Trophy hunting in South Africa: is it worth it?

An evaluation of South Africa’s policy decision to elevate trophy hunting as a key conservation tool

Trophy hunting, especially of iconic or endangered species, is a controversial subject. Scientists are increasingly drawing attention to the Anthropocene – chaotic climate events directly attributable to human beings having overstepped a number of interconnected planetary boundaries. In this context, the world is rightly asking whether the legally sanctioned killing of wild animals can reasonably be tolerated. According to the latest IPBES Global Assessment, human activities are currently driving an unprecedented loss of biodiversity. At least one million animal and plant species are reportedly threatened with extinction (United Nations, 2019). Direct exploitation is the second most important driver of biodiversity loss. Given that trophy hunting is an obvious form of direct exploitation that undermines ecosystem functionality, and is hardly a requirement for human survival, its continuation should be plainly understood as a likely hindrance to conservation.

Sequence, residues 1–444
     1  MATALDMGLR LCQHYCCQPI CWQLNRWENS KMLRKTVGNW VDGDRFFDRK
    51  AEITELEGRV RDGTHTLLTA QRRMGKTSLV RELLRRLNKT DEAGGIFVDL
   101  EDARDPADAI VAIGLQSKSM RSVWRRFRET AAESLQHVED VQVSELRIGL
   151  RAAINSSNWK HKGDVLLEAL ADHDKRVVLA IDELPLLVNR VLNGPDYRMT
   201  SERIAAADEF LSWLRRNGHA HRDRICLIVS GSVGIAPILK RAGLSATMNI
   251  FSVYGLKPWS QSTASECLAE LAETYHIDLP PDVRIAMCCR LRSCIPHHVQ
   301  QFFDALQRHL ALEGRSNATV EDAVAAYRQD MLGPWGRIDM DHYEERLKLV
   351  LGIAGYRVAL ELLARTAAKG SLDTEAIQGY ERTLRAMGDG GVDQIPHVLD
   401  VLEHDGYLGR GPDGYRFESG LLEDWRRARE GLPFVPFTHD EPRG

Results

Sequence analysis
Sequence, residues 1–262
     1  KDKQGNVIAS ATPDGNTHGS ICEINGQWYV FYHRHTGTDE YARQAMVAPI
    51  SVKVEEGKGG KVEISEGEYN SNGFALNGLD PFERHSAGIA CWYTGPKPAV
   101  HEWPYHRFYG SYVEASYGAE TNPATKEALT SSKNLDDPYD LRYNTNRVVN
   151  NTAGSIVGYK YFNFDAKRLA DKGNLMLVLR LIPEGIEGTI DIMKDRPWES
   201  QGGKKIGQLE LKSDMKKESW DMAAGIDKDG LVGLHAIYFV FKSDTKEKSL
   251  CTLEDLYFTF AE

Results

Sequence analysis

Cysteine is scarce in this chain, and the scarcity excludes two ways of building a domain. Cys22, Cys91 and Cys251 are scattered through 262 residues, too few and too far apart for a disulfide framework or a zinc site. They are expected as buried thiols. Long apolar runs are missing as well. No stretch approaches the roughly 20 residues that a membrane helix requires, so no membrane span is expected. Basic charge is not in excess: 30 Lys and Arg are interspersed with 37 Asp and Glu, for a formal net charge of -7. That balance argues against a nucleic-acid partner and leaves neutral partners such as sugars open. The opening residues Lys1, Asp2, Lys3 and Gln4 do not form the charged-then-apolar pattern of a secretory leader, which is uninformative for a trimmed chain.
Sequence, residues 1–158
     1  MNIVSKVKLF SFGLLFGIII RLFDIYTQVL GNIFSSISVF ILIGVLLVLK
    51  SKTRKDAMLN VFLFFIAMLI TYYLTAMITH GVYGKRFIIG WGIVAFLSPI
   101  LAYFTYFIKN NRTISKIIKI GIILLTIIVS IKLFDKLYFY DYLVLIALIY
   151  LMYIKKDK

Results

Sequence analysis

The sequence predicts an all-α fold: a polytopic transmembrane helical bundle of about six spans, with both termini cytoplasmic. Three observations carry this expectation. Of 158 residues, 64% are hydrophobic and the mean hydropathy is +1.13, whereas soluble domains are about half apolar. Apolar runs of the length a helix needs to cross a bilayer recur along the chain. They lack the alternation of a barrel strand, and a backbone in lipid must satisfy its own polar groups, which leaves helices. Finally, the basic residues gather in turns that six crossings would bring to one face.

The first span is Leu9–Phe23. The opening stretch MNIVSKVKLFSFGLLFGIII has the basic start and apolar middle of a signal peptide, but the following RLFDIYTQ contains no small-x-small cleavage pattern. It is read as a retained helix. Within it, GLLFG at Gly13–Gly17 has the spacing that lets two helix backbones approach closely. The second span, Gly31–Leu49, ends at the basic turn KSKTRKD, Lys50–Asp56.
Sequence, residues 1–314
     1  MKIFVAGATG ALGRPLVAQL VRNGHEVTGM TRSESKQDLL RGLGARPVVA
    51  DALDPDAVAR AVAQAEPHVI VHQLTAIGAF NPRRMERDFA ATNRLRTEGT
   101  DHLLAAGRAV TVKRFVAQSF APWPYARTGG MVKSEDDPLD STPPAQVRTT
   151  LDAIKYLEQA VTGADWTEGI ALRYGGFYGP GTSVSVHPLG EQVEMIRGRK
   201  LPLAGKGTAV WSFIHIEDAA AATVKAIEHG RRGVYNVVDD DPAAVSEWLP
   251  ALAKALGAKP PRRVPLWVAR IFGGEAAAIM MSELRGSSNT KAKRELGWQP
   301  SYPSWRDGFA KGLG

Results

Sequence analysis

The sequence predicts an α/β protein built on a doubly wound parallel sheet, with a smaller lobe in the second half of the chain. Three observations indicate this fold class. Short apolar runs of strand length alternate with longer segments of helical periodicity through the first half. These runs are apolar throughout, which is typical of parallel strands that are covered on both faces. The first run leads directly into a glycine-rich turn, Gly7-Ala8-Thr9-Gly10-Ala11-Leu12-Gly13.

Good Governance Africa (GGA) was commissioned by Humane Society International-Africa (HSI-Africa) to conduct this research. The terms of reference were clear and impartial in that the objective of the study was to assess whether there was economic evidence in favour of promoting trophy hunting as a conservation tool for South Africa. We wish to thank the HSI team for its support and feedback on the document. All errors are ours, and for these GGA takes full responsibility.